Microfinance services for small enterprises have become increasingly available in recent decades, but in many developing countries they are hard to obtain outside urban centres. In Petén, Guatemala, however, commercial banks have provided financial services to community forest concessions. R. Junkin evaluates the conditions that motivated the banks to get involved, as well as the advantages for the enterprises.

Cooperatives and associations help reduce isolation in small-scale forestry by providing information, advice and management support, as well as chances for networking and communication. L. Jylhä describes Finland’s well-developed network of Forest Management Associations, which links private forest owners at the local level and beyond; it has also provided a model for other countries.

In Lithuania, forest owners’ cooperatives are a relatively new phenomenon, only appearing with the return of private ownership following Lithuania’s independence in 1991. The ongoing land restitution process has created many small, fragmented forest holdings, presenting challenges for sustainable roundwood supply. A. Gaižutis relates how through networking, the Forest Owners’ Association of Lithuania has helped to create a services and marketing system for wood trade from private family forests.

Small-scale producers and poor households in developing countries reap only a small portion of commercial benefits from forest plantations. A.A. Nawir et al. examine incentives that can stimulate smallholder tree planting under various schemes – farm forestry, government-initiated collaborative management and private corporation initiatives (outgrower schemes). Based on examples from Asia and Africa, the article outlines enabling conditions for sustainable smallholder tree growing.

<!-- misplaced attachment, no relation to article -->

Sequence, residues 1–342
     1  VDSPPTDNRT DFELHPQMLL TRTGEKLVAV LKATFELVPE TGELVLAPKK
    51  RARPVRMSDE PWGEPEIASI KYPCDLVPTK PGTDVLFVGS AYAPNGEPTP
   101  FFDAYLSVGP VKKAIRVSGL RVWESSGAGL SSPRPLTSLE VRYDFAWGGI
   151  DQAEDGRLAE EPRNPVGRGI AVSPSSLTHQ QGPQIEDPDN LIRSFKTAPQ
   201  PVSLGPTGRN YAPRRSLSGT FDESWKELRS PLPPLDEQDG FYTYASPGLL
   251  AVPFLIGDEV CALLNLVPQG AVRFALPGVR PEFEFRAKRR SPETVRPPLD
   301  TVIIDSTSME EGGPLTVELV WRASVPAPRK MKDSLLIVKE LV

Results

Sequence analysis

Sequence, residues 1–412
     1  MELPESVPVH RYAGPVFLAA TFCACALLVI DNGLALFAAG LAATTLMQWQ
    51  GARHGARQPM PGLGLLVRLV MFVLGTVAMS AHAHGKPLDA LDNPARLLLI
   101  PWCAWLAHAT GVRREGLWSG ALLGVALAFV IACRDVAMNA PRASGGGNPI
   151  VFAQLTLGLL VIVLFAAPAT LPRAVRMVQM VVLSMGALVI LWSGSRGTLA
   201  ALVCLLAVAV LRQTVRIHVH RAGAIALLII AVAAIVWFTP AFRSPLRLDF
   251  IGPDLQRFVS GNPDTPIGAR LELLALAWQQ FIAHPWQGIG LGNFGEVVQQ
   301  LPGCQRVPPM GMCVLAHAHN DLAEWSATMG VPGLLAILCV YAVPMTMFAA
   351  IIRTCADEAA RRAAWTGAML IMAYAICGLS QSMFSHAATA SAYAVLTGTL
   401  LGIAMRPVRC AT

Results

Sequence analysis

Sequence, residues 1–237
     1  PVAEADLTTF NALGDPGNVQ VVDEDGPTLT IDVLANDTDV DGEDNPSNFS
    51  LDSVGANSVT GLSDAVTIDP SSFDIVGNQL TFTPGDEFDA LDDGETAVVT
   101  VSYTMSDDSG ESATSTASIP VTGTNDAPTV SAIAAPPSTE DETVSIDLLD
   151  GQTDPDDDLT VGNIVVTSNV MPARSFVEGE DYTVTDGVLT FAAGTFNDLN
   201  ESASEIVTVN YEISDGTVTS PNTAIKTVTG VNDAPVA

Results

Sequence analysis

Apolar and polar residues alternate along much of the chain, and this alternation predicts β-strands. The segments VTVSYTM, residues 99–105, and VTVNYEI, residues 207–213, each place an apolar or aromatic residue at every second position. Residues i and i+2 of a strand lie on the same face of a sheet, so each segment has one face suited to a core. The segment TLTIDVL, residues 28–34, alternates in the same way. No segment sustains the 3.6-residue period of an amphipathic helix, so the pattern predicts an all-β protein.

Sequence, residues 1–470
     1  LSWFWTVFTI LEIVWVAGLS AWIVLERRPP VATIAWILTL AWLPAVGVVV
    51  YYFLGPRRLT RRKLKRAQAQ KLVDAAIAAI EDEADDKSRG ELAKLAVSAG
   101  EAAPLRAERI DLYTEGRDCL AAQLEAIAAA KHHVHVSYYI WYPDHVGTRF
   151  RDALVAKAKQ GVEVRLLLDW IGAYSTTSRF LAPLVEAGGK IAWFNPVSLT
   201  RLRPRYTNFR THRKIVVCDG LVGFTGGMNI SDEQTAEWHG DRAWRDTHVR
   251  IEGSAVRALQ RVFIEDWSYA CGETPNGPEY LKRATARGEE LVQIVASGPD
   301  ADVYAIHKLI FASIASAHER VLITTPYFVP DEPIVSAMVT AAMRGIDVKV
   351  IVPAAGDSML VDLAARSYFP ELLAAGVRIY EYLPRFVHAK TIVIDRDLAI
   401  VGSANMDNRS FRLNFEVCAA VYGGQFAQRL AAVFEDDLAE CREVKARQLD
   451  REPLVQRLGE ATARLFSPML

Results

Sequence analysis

Where forest communities require modest volumes of sawn timber, small-scale harvesting – including the use of animals, simple tools and the breakdown of logs in the forest – can create employment and income opportunities while avoiding damage to the environment. P. Dugan looks at the benefits of small-scale forest operations at several locations in Asia and the Pacific.

Obtaining certification – which can encourage forest owners to manage their forests sustainably – is a challenge for smallholders. In Japan, where most of the forests are owned by smallholders, forest owners’ are pursuing certification through cooperatives. I. Ota highlights the success story of Yusuhara Forest Owners’ Cooperative.

A central message in every article is that supportive policies and legislation and clear, secure forest tenure and forest management rights are fundamental to provide a favourable environment for small-scale forestry. The other key message is that smallholders and small enterpreneurs need one another. Cooperatives and associations enable them to benefit from economies of scale and to obtain the advantages of larger holdings/enterprises – to manage their forests, market their products, obtain financing, achieve certification or share knowledge and expertise.